Controlling exposure to screens
Dr. Sylvie Dieu-Osika, a pediatrician and founding member of the Overexposure to Screens collective at Jean Verdier Hospital, has warned about the consequences in terms of sleep, education or attention that abusive exposure to screens causes from a very young age. The screen is not the problem, it is the addiction that comes from it, and the solution proposed by Dr. Sylvie Dieu-Osika is to raise parents' awareness. Vincent Berge, CEO of Crocos GoDigital, highlighted the downward spiral between attention disorders and exposure to screens, responsible for 10% of school dropouts. The solution would be to rely on research (to accompany digital, with 3D objects around digital) while limiting its use in order not to go into excess. Dr. Anne-Lise Ducanda, PMI doctor and co-founder of the collective Overexposure to Screens (CoSE), reminded us of the toxicity of overexposure to screens on the global development of children. Isabel Segovia Ospina, former Vice-Minister of Education of Colombia and founder of Origami Preschools, insisted on the importance of helping parents to make the most of technology without harming children. Finally, Jean Rakovitch, pedagogical director of the Domaine du Possible School, advocated the re-establishment of a physical relationship with knowledge, to fill the gaps caused by the biased apprehension of knowledge by screens.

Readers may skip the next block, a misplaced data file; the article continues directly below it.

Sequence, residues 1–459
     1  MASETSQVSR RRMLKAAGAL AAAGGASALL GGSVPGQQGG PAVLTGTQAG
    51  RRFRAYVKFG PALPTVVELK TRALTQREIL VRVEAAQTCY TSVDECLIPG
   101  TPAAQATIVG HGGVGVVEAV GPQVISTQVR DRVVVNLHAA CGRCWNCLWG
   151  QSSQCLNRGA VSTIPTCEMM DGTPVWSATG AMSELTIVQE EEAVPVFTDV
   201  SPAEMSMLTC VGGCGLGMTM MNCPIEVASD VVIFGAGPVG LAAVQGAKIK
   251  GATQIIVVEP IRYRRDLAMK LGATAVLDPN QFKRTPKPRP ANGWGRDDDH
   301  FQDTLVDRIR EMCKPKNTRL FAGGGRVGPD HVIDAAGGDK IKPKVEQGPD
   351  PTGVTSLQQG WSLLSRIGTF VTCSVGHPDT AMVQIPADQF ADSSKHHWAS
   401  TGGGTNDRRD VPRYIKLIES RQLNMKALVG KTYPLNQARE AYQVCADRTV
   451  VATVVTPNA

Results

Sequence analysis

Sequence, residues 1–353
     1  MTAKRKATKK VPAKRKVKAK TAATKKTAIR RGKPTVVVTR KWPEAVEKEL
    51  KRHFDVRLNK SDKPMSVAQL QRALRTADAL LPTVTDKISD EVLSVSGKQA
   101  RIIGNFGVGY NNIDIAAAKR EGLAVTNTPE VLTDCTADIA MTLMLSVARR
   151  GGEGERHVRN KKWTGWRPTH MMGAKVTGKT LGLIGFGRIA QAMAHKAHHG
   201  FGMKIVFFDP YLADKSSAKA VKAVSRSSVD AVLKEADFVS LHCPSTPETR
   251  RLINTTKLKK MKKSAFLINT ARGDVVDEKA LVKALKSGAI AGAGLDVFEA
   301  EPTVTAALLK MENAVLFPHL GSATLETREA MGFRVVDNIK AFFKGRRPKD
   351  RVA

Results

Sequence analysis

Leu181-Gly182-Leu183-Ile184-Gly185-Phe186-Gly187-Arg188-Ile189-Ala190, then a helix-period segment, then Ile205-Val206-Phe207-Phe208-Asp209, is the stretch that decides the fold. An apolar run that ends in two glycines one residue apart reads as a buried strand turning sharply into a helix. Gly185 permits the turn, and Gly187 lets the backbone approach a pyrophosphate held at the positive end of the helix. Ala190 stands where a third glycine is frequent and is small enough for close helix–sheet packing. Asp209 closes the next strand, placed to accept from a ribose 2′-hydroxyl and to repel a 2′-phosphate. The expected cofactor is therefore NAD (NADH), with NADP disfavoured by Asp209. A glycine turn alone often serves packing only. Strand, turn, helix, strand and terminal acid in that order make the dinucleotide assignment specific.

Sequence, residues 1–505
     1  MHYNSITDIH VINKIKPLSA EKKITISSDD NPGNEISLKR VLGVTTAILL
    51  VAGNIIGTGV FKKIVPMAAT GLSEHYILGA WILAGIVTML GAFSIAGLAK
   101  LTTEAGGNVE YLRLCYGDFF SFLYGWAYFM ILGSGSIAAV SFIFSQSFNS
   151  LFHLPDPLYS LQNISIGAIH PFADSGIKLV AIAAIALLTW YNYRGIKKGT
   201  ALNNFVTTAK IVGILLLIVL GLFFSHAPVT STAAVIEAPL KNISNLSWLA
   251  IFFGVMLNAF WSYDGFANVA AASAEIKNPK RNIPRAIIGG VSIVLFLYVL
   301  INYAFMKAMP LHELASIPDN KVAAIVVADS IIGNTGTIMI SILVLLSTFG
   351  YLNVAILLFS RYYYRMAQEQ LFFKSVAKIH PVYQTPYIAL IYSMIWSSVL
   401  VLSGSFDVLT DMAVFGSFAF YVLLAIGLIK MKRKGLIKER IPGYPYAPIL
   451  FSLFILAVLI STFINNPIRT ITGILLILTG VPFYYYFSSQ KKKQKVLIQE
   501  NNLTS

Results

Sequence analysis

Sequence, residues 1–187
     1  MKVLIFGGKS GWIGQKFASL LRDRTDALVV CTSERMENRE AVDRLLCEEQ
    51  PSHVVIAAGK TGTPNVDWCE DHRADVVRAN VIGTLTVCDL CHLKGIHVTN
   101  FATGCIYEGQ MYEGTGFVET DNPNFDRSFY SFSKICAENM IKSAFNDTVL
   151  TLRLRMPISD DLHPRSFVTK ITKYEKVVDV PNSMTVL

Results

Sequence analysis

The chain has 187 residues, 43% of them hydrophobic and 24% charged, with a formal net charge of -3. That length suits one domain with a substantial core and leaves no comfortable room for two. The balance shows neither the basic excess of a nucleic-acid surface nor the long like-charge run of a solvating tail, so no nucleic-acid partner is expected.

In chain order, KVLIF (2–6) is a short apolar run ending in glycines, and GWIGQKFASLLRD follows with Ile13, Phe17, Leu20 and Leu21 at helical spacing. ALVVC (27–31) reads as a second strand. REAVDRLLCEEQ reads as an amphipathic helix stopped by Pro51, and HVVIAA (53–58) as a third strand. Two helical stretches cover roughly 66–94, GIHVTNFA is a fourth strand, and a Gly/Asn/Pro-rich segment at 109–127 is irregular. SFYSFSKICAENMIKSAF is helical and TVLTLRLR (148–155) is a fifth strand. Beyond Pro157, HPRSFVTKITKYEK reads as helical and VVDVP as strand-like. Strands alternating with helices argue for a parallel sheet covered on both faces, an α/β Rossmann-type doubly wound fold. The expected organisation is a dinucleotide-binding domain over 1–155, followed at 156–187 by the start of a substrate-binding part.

Neuroscience and Early Childhood: What are the perspectives?
Several of the speakers from the previous roundtables were able to discuss with Yao Ydo, Director of the UNESCO International Bureau of Education, James Cairns, Director of Strategic Commitments and Child Learning at Harvard, Gérard Gazay, Mayor of Aubagne and member of the AMF, Juliette Masson, Deputy Mayor of the 6th and 8th districts of Marseilles, responsible for school affairs and schools, and also a nursery school director, Laurent Choukroun, Managing Director of Synergie Family, Isabelle Filliozat, psychotherapist specializing in emotions, Tove Mogstad Slide, senior advisor to the Norwegian Ministry of Education and Research in the Department of Early Childhood, Xavier Madelaine, co-chairman of the Early Childhood group at the Association of French Mayors (AMF), and Thierry Pech, director of the think tank Terra Nova. The latter encouraged the creation of controlled ecosystems and better valuing of professionals to help children escape social predestination. Finally, Xavier Ouvrard, CEO of Babilou Family and Secretary General of the eponymous foundation, emphasized the importance of giving more resources to PMI and regulators to control the quality of childcare facilities. The importance of synergy between companies and public authorities is also necessary to create new day care centers and install high quality educational practices.